The EU Regulation on Succession Law known as Brussels IV became law in August 2015. It provides a uniform system of recognition of succession laws, based primarily on the deceased\’s habitual residence. No distinction is made between movable assets and immovable assets.
The Regulation governs the conflict of law rules for succession both testate and intestate between EU States who are bound by the Regulation. The broad principle of the Regulation is that the succession laws of the Member State in which the deceased was habitually resident, apply.
Ireland and the United Kingdom have opted out of the Regulation. This Regulation however remains significant for Irish resident and domiciled persons with assets in other EU States. This is particularly relevant given the large, significant property investment and personal property holdings by Irish citizens in Spain and other states.
Forced heirship rules in this context refers to the obligation to leave a proportion of one’s estate to particular categories of beneficiary, usually children and/or a spouse. In Ireland, there is a relatively light forced heirship rule. There is a legal right share of spouse, entitles a spouse to use to one third of the deceased\’s net assets irrespective of the provisions of the will. There is the possibility of a discretionary award, in favour of children, whereby a on application to court, it may make provision on the basis that the deceased has failed in his or her moral obligation to provide for them.
In France Spain, and other continental countries, a high proportion of assets is required to be left to particular beneficiaries. Children have significant fixed shares in many continental jurisdictions. There are rules to defeat the lifetime avoidance of these mandatory shares. In recent years the rights of spouses have increased significantly in France.
Matrimonial property regimes and joint tenancy and not subject to the Succession Regulation. Lifetime transfers are not subject to the Regulation. Rules such as survivorship apply in accordance with the law of the relevant State, in the case of immovable property, irrespective of the Regulation.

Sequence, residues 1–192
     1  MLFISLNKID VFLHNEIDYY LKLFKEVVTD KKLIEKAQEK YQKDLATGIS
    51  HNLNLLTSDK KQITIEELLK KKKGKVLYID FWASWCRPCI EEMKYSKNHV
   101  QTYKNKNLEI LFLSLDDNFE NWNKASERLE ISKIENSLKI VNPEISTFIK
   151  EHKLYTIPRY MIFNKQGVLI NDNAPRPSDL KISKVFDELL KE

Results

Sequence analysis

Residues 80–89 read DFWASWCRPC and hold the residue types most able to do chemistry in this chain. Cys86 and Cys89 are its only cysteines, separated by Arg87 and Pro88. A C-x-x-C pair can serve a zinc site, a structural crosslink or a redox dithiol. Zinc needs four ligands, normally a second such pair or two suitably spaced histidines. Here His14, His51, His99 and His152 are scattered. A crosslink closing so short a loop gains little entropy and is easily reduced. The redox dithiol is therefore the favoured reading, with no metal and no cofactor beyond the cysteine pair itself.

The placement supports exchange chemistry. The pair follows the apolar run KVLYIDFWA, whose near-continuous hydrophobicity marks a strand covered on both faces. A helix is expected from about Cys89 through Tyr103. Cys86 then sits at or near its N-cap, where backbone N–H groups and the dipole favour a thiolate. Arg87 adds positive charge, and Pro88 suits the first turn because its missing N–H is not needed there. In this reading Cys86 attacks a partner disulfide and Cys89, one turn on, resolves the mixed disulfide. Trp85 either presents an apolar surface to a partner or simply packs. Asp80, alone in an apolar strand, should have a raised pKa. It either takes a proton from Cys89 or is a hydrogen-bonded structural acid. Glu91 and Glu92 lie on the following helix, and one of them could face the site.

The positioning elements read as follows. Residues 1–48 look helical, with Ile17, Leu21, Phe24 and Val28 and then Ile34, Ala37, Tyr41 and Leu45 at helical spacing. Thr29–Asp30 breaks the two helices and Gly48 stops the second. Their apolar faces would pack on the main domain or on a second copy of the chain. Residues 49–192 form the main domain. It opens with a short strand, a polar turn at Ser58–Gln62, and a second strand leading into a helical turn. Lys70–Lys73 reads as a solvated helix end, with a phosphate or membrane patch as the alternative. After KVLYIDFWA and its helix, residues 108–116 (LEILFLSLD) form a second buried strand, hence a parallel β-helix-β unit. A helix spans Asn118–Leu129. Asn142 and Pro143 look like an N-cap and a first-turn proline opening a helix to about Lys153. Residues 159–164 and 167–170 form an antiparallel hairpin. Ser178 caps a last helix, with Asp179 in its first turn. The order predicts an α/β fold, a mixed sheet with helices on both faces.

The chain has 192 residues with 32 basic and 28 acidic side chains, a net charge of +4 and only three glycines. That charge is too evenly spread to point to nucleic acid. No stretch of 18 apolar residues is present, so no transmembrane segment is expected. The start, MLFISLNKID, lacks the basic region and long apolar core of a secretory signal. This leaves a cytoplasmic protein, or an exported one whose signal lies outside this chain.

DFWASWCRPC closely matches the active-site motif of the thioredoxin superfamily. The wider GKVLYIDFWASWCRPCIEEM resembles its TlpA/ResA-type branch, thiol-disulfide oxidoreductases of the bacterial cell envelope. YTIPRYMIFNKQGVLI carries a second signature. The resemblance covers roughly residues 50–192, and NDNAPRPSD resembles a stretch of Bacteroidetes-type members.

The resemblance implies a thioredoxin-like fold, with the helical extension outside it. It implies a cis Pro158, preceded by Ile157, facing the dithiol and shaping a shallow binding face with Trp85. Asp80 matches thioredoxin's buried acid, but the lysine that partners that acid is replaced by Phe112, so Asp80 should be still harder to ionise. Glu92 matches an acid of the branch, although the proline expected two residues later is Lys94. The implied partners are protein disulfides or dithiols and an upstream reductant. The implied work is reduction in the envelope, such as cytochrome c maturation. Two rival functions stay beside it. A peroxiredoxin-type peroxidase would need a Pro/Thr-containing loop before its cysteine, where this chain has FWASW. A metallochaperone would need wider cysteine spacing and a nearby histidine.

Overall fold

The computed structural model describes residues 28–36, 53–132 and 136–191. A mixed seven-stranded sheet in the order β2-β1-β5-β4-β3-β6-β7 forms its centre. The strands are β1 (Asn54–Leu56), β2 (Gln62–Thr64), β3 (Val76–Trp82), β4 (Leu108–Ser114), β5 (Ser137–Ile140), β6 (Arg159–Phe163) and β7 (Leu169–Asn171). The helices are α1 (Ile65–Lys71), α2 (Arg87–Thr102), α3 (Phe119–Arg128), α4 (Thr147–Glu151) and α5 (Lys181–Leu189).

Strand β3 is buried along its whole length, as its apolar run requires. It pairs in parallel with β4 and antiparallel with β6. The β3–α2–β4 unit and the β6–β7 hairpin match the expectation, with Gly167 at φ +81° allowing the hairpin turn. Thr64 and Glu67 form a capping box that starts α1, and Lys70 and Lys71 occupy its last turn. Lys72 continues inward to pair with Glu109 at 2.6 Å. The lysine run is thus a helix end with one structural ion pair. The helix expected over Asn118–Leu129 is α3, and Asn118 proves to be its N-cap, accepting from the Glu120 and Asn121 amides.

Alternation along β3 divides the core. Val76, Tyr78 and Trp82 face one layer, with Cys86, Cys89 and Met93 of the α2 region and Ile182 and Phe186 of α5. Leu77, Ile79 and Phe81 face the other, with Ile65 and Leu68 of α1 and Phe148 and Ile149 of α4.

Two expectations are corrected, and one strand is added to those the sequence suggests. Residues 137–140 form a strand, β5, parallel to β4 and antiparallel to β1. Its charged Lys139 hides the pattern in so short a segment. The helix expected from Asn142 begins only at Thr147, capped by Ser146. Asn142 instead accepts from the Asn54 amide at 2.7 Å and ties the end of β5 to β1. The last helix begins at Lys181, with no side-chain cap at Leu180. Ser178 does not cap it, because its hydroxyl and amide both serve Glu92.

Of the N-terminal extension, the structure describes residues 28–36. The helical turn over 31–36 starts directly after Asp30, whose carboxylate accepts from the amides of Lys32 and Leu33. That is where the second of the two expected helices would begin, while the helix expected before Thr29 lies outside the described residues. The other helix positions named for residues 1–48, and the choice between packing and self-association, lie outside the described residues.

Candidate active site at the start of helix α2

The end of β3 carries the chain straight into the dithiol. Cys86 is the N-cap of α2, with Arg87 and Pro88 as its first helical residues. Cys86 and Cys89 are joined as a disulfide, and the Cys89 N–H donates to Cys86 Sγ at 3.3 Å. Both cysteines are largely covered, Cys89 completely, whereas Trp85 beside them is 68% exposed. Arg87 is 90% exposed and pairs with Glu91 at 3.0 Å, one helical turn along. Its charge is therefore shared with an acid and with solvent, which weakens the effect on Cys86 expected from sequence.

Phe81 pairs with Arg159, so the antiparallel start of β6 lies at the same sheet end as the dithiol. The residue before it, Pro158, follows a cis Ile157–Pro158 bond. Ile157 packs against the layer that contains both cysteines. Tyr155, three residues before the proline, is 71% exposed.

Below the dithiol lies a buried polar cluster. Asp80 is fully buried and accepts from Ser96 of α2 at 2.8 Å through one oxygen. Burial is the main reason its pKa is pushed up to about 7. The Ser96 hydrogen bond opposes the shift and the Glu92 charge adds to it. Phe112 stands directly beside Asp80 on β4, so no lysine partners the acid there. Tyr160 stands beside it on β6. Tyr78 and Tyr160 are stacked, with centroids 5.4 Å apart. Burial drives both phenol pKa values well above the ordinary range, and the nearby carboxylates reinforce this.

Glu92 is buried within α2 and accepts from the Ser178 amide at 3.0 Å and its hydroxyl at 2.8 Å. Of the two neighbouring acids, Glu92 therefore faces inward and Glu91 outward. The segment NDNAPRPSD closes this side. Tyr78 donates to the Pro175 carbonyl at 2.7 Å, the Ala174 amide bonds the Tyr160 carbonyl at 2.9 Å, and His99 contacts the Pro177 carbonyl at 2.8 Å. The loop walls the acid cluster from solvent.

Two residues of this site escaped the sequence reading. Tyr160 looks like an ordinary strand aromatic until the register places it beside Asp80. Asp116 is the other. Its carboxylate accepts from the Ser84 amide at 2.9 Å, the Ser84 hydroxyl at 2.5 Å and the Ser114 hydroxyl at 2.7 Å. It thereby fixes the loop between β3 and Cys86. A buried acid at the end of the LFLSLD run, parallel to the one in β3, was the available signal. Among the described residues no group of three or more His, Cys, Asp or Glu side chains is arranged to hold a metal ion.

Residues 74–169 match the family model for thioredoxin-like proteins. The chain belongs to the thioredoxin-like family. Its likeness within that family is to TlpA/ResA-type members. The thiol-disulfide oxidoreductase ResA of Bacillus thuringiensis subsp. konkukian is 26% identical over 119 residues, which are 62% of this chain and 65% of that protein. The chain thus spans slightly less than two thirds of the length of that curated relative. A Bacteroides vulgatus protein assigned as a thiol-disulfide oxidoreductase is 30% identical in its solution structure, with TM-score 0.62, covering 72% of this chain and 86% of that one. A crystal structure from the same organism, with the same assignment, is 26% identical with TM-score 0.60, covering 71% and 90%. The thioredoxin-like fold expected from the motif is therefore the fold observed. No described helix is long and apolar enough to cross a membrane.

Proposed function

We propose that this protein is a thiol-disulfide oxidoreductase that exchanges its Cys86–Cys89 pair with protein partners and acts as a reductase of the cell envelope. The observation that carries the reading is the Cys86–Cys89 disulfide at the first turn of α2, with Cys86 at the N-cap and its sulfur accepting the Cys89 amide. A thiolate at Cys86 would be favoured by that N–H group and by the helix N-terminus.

The common law position still applies in Ireland. In broad terms, succession is determined by the domicile of the deceased in the case of movables. In the case of immovables, i.e. real property, it is determined by their location, the law of the place of their location.
The Regulation allows a testator to apply the law of his nationality by way of exception to the general principle that his habitual residence determines the position. In this case, the law of the state concerned and not its public international law (which may refer back to another jurisdiction; typically that of their habitual residence) apply.
Under principles of renvoi, a court may refer to the conflict of law rules of another State. This may in turn refer back to the domestic court, leading to an apparently circular position.
Where the Irish court applies the whole of the law of the foreign country, it will refer back to that country\’s private international law and the Irish courts may accept the renvoi and apply Irish internal law.
Where there are Irish immovable assets, Irish private international law applies to determine which law should apply. This applies where there is Irish jurisdiction, not necessarily limited to Irish immovable property.
Renvoi is abolished by the EU Regulation as between the states who are party. If the applicable law is that of a non-regulation state, the private international laws of that state are included, in so far as they lead to renvoi to the participating state or the law of another state. It is unclear if the non-participating EU states are third States for this purpose, although it is likely to be the position.
There is provision for a European certificate in succession matters. It harmonises the rules on jurisdiction relating succession within the EU. It deals with the recognition and enforcement of decisions and the acceptance and enforcement of authentic instruments in succession matters.
It provides for a certificate of succession to be used by heirs, legatees and executors of wills and administrators to invoke their status or exercise their rights in other EU States. This is the equivalent of a grant of probate or letters of administration.
The courts of the State in which the deceased had his habitual residence at the time of death have jurisdiction to rule on succession as a whole.